It was a stunt, but a fun and interesting one. Earlier this year PublicAffairs, a publisher which is part of the Perseus Book Group, announced that it would go through practically the entire process of publishing a book in a 48-hour period during the BEA Convention in New York City. The book was to be called, Book: The Sequel, and, for the content, PublicAffairs threw out this challenge to literary types around the world: choose an existing book, imagine its sequel, and write the first sentence and title of that imaginary sequel.
Last week, PublicAffairs arrived at BEA with more than 800 submissions from which to produce the finished book. The process began on Friday morning with the decision on what submissions to use and how to format the book. Then came the choice of front cover design, with input from convention-goers and people following the process on Twitter. Initial page galleys had arrived by late afternoon on Friday.
On Saturday, a website for the book was created (found here), along with reading group guides and other marketing tools, and decisions were made about the first print run. Then, precisely on time at 4 PM Saturday afternoon, finished copies of the book itself (a paperback) arrived at the PublicAffairs convention booth. (It's also available in large print and Braille editions, as well as in various e-book formats.) PublicAffairs also set up a YouTube channel with four videos, running a total of about twelve minutes, documenting the entire process. We hope to have the book available at Accent on Books by the end of this week.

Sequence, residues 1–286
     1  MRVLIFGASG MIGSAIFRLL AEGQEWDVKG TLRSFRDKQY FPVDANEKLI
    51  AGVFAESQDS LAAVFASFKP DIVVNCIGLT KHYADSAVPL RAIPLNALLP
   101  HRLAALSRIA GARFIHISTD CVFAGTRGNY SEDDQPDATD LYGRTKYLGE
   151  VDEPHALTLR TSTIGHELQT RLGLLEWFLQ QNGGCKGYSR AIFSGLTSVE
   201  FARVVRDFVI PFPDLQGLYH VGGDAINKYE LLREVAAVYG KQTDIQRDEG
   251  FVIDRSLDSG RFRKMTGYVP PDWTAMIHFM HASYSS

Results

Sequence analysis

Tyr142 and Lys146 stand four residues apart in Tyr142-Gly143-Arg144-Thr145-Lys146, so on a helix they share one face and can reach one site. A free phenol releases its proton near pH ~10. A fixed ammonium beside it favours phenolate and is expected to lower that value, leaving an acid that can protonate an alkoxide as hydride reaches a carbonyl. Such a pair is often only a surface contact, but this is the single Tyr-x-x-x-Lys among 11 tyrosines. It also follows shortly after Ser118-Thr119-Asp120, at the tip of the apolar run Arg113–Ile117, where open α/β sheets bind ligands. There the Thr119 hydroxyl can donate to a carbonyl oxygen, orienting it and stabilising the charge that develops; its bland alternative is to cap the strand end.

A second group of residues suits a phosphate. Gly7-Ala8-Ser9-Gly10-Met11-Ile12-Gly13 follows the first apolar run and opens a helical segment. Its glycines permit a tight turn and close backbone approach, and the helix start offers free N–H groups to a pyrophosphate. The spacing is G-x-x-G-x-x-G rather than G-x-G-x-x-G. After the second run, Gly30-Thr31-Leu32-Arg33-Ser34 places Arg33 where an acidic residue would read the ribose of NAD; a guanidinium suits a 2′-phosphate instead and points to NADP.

All in all, another example of the powerful -- and, for us oldsters, somewhat intimidating -- effects of technological advances on the staid old world of publishing.